Gov. Dayton’s policies aren’t growing Minnesota’s private sector. They aren’t making K-12 education the best it can be, either. Gov. Dayton’s policies reflect Education Minnesota’s wish list.

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If this video gets the exposure it should, Mary Burke’s stumbles will continue:

The Republican Party of Wisconsin put together a website highlighting Ms. Burke’s plagiarism difficulties. It’s called Copycat Mary. This article does an effective job highlighting Ms. Burke’s copycatted jobs plan:

Madison – In an appearance on WISC-TV’s “??For the Record” today, Mary Burke was asked by journalist Jessica Arp to name one unique Mary Burke idea in her plan. After a moment of thought, Burke named three things?,? but none of them were unique: anaerobic digesters, academic career planning, and upping the number of people in Wisconsin with degrees. These examples were uncovered by Buzzfeed News as cases of plagiarism?? ?and also include some of Governor Walker’s accomplishments.?

This just adds to Burke’s problems. Though this isn’t plagiarism, it’s worse from the standpoint that she’s taking credit for her jobs plan even though it’s mostly been taken from other candidates. It’s important to remember that this was the centerpiece of her candidacy. Now it’s been effectively discredited to the point that people are rightly questioning whether she’s got any original thoughts on creating jobs.

This won’t help her, either:

Mary Burke Also Said Academic Career Plans In High School – It Might Sound Familiar Because It Has Been A Priority Of Governor Scott Walker. Under Governor Walker, every student, beginning in the 6th grade, will have the opportunity to create an academic and career plan based on their interests. Nearly $1.1 million will be provided to school districts for students in 6th-12th grade. (2013 Wisconsin Act 20)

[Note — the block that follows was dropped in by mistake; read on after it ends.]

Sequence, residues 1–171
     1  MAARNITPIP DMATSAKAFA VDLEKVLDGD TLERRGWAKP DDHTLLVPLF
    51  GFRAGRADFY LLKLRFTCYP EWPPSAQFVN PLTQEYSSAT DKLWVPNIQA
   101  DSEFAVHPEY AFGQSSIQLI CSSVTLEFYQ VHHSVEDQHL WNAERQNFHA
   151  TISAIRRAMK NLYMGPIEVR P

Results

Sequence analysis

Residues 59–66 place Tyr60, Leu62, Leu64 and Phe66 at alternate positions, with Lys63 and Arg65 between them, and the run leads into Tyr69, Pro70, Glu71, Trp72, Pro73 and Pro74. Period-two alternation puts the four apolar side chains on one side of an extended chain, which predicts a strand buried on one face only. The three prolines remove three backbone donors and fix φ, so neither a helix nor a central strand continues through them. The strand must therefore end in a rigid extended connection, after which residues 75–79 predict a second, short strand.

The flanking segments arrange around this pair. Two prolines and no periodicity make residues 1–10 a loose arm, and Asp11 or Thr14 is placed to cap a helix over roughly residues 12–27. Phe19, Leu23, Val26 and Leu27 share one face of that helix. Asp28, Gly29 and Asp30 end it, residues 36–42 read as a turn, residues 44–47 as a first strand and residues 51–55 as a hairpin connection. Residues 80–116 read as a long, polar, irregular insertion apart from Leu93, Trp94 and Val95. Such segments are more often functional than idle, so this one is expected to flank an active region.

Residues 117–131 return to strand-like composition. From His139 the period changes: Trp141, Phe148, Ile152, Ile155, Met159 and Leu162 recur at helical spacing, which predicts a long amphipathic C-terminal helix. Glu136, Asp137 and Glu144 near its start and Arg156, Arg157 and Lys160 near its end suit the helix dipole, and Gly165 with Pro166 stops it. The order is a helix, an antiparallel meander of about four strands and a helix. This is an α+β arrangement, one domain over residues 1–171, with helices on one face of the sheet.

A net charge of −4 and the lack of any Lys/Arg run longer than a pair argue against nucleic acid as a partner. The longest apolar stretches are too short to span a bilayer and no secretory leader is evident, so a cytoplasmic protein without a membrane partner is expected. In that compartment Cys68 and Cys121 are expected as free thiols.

Governor Walker Also Provided Funding For Testing To Measure Work Readiness To Ensure Students Are Ready For College Or Career While In High School. (2013 Wisconsin Act 20)

It’s one thing to lift ideas from failed candidates’ plans. It’s totally different when you attempt to tell people that you’re going to champion a policy that your opponent has already implemented. There’s no way that doesn’t get highlighted.

It’s inexplicable that she’d attempt this. Is she that desperate? Or is she betting that nobody will care what she’s doing? Does she think that nobody’s paying attention? Whichever it is, it isn’t a smart bet.

On a different note, the Republican Party of Wisconsin deserves praise for their innovative messaging and fundraising tactics. This Copycat Store is brilliant. It’s a way to contribute to the Republican Party of Wisconsin while getting Mary Burke: Plagiarized t-shirts.

Finally, the important point of this is that this video is playing off Burke’s plagiarism difficulties. That’s what tipped this race in Gov. Walker’s direction. Gov. Walker went from trailing by 3 to leading by 5 in 3 short weeks. Thanks to this website and video, the Republican Party of Wisconsin is exploiting the situation to its maximum advantage. I’d be surprised if Gov. Walker’s lead doesn’t grow in the next Marquette Law School Poll.

I think that the next poll will push this race from toss-up to Leans Republican to Solid Republican. That’s quite the jump in a month.

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Two weeks ago, I published this post that highlighted this video, which focused on education:

Here’s the transcript of that video:

I think a lot of Minnesotans don’t know what Jeff Johnson stands for. It seems like schools are not Jeff Johnson’s priority. Jeff Johnson cut early childhood spending. That really bothers me. Any cuts to that would be devastating for our family. Our kids are our future so how could you do that? I would hate to see Minnesota take a step backwards in education. Students in the state of Minnesota deserve far better than that. I trust Mark Dayton. We think Gov. Dayton is the right choice for moving Minnesota’s schools forward.